Are the Mets through without Thor?

Noah Syndergaard is going to the disabled list, and the Mets have to try to salvage their season after this train wreck of a first month. Matthew Hazlett/Getty Images

Noah Syndergaard is out indefinitely with a partial tear of his lat muscle and the next question is: What now for the New York Mets?

Maybe the injury is related to the sore biceps that caused the right-hander to bail on a start last Thursday. Maybe it’s just a coincidence. Maybe it could have been avoided. We can criticize the way the Mets handled the situation -- “So we are back to standard default position with the Mets,” wrote Mike Vaccaro of the New York Post, “rolling our eyes at how they so expertly dump kerosene on their own heads.” -- but what’s done is done. Syndergaard is going to the disabled list, and the Mets have to try to salvage their season after this train wreck of a first month.

It’s not going to be Steven Matz or Seth Lugo stepping into the rotation spot. They’re both injured as well, and early June is an optimistic timetable for either of those two. There aren’t many inspiring options in the rotation at Triple-A Las Vegas, even understanding the difficulty of pitching there. Rafael Montero has had two good starts there, but speaking of kerosene, that’s pretty much what Montero brings to the mound whenever he pitches in the majors. In 6⅔ innings with the Mets in 2017, he allowed 16 hits and eight walks. Sean Gilmartin, currently in the bullpen, could get the chance. He has made just two major league starts, but was a starter throughout his minor league career.

If Montero or Gilmartin can bridge the gap until Matz or Lugo is ready, or until Syndergaard can return, maybe the Mets just sit tight. But they also could try to do something big. Buster Olney wrote Sunday about the potential flood of starting pitchers on the trade market. Familiar names Bartolo Colon and R.A. Dickey, pitching on one-year contracts for the Braves, are trade candidates, as is Jaime Garcia, in the final year of his contract. Jason Vargas is pitching well for the Royals, who appear to be going nowhere after losing nine in a row, and Scott Feldman would be a cheap acquisition from the Reds.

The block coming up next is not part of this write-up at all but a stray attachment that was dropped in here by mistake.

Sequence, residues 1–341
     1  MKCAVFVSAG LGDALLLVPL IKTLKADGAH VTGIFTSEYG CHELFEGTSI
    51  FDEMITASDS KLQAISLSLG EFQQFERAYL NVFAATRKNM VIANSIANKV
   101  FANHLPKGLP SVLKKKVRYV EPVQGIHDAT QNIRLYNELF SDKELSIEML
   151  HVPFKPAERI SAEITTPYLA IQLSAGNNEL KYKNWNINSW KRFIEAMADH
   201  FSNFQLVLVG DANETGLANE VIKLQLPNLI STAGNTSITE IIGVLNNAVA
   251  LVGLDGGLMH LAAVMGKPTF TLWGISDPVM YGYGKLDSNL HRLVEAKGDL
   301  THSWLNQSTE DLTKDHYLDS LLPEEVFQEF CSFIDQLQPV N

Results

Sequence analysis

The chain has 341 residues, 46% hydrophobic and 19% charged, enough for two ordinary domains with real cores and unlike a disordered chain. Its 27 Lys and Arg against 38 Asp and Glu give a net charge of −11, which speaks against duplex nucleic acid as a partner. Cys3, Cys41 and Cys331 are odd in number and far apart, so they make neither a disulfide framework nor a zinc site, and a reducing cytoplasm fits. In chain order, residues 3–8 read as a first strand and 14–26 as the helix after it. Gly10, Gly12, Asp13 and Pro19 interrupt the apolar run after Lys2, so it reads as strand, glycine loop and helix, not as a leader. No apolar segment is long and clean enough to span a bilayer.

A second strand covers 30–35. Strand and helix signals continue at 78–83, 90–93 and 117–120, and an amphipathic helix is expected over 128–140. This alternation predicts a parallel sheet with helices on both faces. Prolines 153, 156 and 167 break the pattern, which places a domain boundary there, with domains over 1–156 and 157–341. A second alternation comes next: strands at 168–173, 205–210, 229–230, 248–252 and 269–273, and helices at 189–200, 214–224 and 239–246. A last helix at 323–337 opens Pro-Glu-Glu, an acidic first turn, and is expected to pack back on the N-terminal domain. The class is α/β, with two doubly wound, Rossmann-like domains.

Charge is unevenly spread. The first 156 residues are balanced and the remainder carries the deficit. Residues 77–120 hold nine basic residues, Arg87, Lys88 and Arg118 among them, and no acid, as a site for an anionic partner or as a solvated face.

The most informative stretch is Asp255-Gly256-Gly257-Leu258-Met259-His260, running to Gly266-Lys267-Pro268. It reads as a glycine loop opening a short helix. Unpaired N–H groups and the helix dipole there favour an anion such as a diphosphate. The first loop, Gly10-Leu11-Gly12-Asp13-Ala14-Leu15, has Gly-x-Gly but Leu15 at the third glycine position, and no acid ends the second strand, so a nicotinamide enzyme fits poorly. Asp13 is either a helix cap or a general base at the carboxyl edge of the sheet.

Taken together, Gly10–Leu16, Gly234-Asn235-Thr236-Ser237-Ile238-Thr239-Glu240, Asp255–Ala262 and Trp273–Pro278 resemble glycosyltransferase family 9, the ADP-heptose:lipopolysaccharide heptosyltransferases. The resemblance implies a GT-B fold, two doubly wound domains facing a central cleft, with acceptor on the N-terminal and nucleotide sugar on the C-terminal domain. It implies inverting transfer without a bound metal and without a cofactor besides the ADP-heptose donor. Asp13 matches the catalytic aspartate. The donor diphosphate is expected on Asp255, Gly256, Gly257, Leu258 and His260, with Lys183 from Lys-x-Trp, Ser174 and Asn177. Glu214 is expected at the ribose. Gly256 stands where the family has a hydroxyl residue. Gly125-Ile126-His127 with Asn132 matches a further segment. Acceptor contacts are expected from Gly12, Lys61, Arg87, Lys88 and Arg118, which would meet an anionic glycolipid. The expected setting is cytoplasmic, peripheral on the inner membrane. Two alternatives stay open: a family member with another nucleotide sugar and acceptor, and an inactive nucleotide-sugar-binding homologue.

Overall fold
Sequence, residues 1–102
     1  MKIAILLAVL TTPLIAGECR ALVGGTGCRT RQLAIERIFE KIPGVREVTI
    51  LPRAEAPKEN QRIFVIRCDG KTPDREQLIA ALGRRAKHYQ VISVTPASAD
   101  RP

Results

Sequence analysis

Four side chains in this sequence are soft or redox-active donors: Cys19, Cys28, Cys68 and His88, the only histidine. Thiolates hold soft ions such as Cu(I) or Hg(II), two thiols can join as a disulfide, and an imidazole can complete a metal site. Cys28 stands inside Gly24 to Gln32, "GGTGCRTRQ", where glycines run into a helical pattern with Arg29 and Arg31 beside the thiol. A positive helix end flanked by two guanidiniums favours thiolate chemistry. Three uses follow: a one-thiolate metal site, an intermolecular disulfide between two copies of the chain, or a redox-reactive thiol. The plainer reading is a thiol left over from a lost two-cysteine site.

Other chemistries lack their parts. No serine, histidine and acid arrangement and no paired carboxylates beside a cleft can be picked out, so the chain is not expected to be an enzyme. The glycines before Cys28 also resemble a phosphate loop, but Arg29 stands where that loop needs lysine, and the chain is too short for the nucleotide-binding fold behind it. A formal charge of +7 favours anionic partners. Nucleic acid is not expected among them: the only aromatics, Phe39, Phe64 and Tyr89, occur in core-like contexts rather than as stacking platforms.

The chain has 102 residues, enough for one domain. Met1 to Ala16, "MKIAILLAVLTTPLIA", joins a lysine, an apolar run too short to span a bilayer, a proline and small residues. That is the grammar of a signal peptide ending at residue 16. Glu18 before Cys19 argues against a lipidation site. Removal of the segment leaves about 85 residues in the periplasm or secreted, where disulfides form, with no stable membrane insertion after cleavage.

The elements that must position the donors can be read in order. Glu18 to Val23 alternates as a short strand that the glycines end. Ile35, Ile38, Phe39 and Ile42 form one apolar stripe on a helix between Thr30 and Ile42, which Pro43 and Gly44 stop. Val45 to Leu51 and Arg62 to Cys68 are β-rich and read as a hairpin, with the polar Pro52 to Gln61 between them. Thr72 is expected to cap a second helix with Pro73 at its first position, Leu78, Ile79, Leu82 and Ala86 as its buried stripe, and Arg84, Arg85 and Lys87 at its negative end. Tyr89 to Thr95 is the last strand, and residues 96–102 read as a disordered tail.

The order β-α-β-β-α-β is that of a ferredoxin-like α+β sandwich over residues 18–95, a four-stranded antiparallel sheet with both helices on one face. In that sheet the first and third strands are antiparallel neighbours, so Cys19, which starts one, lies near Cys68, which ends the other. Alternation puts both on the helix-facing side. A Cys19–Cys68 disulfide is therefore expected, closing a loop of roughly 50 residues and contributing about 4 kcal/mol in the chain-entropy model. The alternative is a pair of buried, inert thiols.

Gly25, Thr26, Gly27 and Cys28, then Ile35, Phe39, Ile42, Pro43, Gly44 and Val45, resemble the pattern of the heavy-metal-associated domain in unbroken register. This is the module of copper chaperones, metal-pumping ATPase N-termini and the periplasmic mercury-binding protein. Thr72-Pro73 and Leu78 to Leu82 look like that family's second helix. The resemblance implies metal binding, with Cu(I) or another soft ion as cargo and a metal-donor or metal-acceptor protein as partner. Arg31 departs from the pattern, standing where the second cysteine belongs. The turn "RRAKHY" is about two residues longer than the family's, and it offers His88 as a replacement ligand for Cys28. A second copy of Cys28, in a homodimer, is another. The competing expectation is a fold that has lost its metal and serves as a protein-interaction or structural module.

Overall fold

None of those players move the needle much, however. If the Mets want to do something more impactful, Jose Quintana of the White Sox is a name out there, but how about this idea: Matt Harvey to the Diamondbacks for Zack Greinke. Of course, that doesn’t fix the Syndergaard hole in the rotation, and the Mets take on a bigger salary, but they trade Harvey, who is off to a slow start and is a free agent after 2018, for a pitcher who is signed through 2021. The D-backs shed Greinke’s long-term salary for a pitcher who can still help them in 2017 and 2018.

More likely, there isn’t much the Mets can do except wait and hope Syndergaard, Matz and Lugo can get healthy. What’s the impact of the loss of Syndergaard? If he’s projected as a 6-WAR starter, he’s worth about one win above replacement level each month. Maybe that’s a conservative estimate; plus, the Mets may be replacing him with a sub-replacement level pitcher. If he misses two months, we could be looking at three or four wins of value.

That’s obviously significant as the Mets are 10-14 and already 6.5 games behind the Nationals. On the other hand, the National League -- so far -- looks more balanced than in 2016, with the Giants off to a worse start than the Mets, so the wild-card race could end up being a tight affair where 85 wins is enough. It’s hard to be patient, but that’s what the Mets need to do.

They also could make headlines by doing something else: Calling up Keith Law’s No. 1 overall prospect, shortstop Amed Rosario, and moving Asdrubal Cabrera to third base to replace the struggling Jose Reyes (although Cabrera hasn’t been much better). Maybe Curtis Granderson, hitting .128, finds a permanent spot on the bench.

As much as the focus right now is on Syndergaard, the Mets are hitting .217 and rank 11th in runs. That’s really the bigger picture: The Mets just haven’t looked good in any facet of the game, and it’s going to be tough to change that.